Tuesday, November 27, 2012

Emma Jane Coleman Wilson

Emma Jane Coleman Wilson
Emma Jane Coleman Wilson died at age 25 in January 1888 at Thurber, Utah.  She died in childbirth due to the lack of professional help.  The family had to go 75 miles to get a doctor and he was four hours late in arriving.  In the meantime,  Emma Jane had suffered fatal injury. She is buried in the Teasdale (Utah) Cemetery.

Johan Gindrup and Sarah Andersen Gindrup

Johan Joachim Ginderup aka John Gindrup

The youngest son of Jens and Julie Amica Jacobsen Ginderup was Johan Joachim.  Later in his life, Johan changed his name to John Gindrup.  He must have thought this would make his name easier for Americans to understand and spell.  From the time he left Denmark and throughout his life his name was spelled many different ways; Ginrup, Gentrup, Gintrup, Gendrop, and Gundrap.

John was born in 1831 in Trinitatis, Denmark.  We have no records concerning his adolescence.  We do know he was baptized in March of 1861 into the LDS Church.  In May 4, 1865, from what we can tell, John left Denmark alone with only his fellow saints as his family.

John boarded the Aurora with 557 other Mormons and sailed to Kiel, Germany.  At Kiel, they caught a train to Altona.  The journey continued with a steamboat ride up to a place near Hamburg, Germany.  It was at Hamburg that they boarded the B.S. Kimball, a double-decked ship.  Although the Kimball encountered only one real storm, death was a prevalent enemy.  Twenty-eight of the Saints died of the measles; twenty-five of those victims were young children.
On June 5, a boat came near the Kimball and informed the crew and passengers that the American Civil War was over and rebel president Jefferson Davis was a prisoner.  There was much rejoicing among the immigrants.  The passengers gave three hurrahs for their leaders, Bro. Windburg and Svenson, for Captain Dearborn, for a reunion in Utah, and even one for the American Constitution.

Near the end of the voyage, the water that was left to drink was so nasty to the taste, that they put vinegar in it to make it bearable to drink.  When they finally reached the end of the voyage on June 14, 1865, the bed bugs and vermin in their bedding were so annoying they could hardly stand sleeping in them.  Once in New York, 411 of the Saints continued on by railroad to St. Joseph, Missouri.  In Missouri, they caught a steamer for the rest of the way to Florence, Nebraska.  The group somehow got to Wyoming, Nebraska because that is where they waited to get their outfits and where they left for Utah.  The group waited over a month before they received all their oxen and provisions.

 On July 31, Miner Atwood, Captain of the group, led the Saints from Wyoming, Nebraska to the promised land of Utah.  John Gindrup was made the group’s secretary.  Driving across the country with oxen was a new concept to nearly all of the immigrant saints.  They soon had to learn commands like, who! and hoa! for the oxen.  They also needed to learn how to yoke, breach a wagon, fix axles and tongues, set tires and shoe oxen.

Death seemed to run rampant in this group.  One woman was trampled to death by four teams of stampeding oxen.  Later, near Fr. Laramie, some Indians and vagabonds started a stampede among the oxen and other animals while the animals were loose and resting.  One family was attacked – the father shot, and the mother abducted and never heard from again.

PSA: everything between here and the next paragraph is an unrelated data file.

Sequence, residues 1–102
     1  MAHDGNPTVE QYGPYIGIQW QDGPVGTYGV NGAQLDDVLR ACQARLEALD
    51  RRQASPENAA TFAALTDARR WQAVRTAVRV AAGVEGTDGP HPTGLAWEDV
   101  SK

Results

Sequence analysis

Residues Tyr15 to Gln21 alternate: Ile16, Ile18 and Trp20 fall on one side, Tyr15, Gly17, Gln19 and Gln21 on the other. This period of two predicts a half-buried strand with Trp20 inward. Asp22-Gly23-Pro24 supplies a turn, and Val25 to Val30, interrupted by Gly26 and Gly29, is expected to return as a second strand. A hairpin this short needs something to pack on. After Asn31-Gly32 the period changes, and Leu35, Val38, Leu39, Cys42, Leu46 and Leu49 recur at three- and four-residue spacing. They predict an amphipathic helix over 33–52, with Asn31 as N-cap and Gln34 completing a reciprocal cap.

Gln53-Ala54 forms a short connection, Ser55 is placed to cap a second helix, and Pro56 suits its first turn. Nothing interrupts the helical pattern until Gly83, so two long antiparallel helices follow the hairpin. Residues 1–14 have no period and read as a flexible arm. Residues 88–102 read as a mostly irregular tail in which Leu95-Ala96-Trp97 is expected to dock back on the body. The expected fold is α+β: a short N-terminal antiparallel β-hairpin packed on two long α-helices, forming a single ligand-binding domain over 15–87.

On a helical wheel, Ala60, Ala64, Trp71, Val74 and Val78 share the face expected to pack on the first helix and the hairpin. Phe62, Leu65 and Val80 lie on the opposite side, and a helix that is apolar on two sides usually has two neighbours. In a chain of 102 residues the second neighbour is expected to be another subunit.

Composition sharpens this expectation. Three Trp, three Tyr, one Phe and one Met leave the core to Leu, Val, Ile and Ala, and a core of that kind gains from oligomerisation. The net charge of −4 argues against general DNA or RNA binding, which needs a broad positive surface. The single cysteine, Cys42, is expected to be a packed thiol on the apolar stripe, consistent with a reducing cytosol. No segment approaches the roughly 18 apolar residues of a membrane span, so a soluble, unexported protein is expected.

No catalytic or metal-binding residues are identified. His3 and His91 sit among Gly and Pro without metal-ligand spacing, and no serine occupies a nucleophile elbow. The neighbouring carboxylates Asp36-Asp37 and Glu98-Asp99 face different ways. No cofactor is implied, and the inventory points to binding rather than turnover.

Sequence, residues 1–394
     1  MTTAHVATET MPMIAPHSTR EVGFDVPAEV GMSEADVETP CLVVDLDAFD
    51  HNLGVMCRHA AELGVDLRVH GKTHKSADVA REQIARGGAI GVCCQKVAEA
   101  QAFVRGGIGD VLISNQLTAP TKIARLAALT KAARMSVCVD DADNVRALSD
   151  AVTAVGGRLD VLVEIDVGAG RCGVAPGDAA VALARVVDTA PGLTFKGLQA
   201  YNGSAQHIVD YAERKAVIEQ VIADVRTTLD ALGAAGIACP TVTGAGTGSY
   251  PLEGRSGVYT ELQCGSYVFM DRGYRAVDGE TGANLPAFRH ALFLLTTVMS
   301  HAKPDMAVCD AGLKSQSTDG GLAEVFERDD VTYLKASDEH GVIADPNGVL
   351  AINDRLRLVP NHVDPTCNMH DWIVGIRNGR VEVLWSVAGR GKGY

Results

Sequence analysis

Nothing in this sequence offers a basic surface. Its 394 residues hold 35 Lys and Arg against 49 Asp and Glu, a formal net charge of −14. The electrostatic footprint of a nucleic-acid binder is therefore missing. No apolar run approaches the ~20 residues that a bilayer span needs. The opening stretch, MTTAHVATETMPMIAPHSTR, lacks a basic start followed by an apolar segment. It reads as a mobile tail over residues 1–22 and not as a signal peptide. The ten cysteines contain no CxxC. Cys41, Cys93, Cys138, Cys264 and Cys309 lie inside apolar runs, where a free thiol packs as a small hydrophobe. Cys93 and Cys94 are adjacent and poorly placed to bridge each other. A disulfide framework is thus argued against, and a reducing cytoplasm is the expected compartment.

Provisions became extremely low when they were still four weeks and three days away from the Salt Lake Valley.  It was decided that each adult would receive only one pound of flour a day.  John Gindrup had his flour made up into three biscuits, like many of the other pioneers did.  He was overheard to say each morning after he ate his first biscuit, “Now Brother Gindrup, you have had your breakfast.”  He would then eat his second biscuit, and say “Brother Gindrup, you have had your dinner.”  Then after immediately eating his last biscuit he would finish with, “Now Brother Gindrup, you have had your supper and may travel the rest of the way among the prickly pears and cactus.”  John’s Company eventually arrived in Salt Lake City on November 8, 1865, and set up camp in a big field designated as the Eighth Ward square, where the City and County building now stands.

John then set himself up as an upholsterer in Salt Lake City.  John’s future wife would not leave Denmark for another two years.

Excepts from The Thompson Tale by Danielle Batson

Bengta Anderson Hansen

This photo is of Bengta Anderson (sister of Anders Anderson, my great grandfather).  See my post from October 23, 2012, for more info.  She is buried in the Rexburg (Idaho) Cemetery.

William Burt

William Burt
William Burt is the father of William Craig Burt (see the prior post) and is my 4th great grandfather.  He was born in 1810 and lived most of his life in Scotland.  He joined the Church of Jesus Christ of Latter Day Saints in 1879 and came to Utah sometime in the 1880's.  He died in Salt Lake City, Utah in 1891.
Father and son share a headstone in the Salt Lake City Cemetery.

Sunday, November 25, 2012

William Craig Burt and Margaret Gilmer (Gilmour) Burt

William Burt
William Burt, only child of William and Janet Craig Burt was born 18 February 1832 in Pulteney, Wick, Caithness, Scotland.  His father was a “master” plasterer.  The 1851 census said he employed five men and three boys.  The son was taught the plastering trade, serving five years as an apprentice.
 In December 1850 (or 1851) he married Margaret Gilmour (Gilmore) born 23 June 1831 in Beith, Ayrshire, Scotland, daughter of Thomas and Jane Patrick Laird Gilmour.  This marriage took place in Glasgow, Scotland.
On 5 October 1851, at the age of 19 William Burt was baptized into the Church of Jesus Christ of Latter-Day Saints.  Margaret had been baptized in December 1850.  For the sake of the gospel they came to America and on to Utah in 1868.  William Burt crossed the ocean on the ship, Constitution, and landed in New York 6 Aug 1868.  They brought their seven children with them:  William, John, Willard, Margaret, Jean, Agnes and James.  Their next and last child, Peter McKeith was born in Salt Lake City.